Employing Participatory Artistic Methods to Explore Sense of Belonging Among Migrant Children in Urban Villages

Activity: Talk or presentationOral presentationResearch

Description

This lightning talk presents a novel methodological approach employed in the study of the sense of belonging and place attachment among rural-urban migrant children in the urban villages of Guangzhou. Participatory artistic practices serve as a primary research method, facilitating the children's expression and engagement with their shifting urban environments.

The study focuses on a group of 30 children aged 7-12, engaging them through a series of art-based activities designed to elicit their perceptions and connections to their immediate surroundings. These activities include map-making, collage, and model construction, which not only allow the children to articulate their experiences but also provide a rich qualitative dataset. This method proves instrumental in transcending language barriers and capturing the nuanced experiences of these children, whose voices are often marginalised in urban planning discussions.

The presentation will discuss the setup of these artistic sessions, the challenges faced in encouraging genuine participation among young children, and the interpretive strategies employed to analyse the resulting artworks. Preliminary findings suggest that participatory art-making empowers the children, providing insights into their complex narratives of home, community, and identity within the rapidly urbanising spaces.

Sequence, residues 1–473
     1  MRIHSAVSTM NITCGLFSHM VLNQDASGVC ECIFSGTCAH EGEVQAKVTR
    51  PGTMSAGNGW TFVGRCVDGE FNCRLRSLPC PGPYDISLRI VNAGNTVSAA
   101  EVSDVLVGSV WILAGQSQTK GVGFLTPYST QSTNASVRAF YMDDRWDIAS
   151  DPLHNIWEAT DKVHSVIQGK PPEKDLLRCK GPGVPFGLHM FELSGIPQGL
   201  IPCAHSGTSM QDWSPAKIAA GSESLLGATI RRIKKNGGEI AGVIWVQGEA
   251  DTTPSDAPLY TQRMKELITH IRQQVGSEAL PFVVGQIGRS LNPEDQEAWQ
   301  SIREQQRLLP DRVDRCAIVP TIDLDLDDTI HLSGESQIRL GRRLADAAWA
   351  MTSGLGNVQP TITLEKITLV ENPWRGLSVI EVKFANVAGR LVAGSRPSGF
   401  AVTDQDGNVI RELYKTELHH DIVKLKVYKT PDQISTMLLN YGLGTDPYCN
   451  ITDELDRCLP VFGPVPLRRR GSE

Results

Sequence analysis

By integrating children’s creative outputs into academic research, this study demonstrates the potential of artistic methods to enhance understanding of urban transformation impacts on vulnerable populations. This approach not only enriches the academic discourse on migration and urban studies but also promotes a child-centric methodology in urban planning research.
Period24 May 2024
Event titleMethods Fair
Event typeConference
LocationThe University of Manchester, UKShow on map
Degree of RecognitionRegional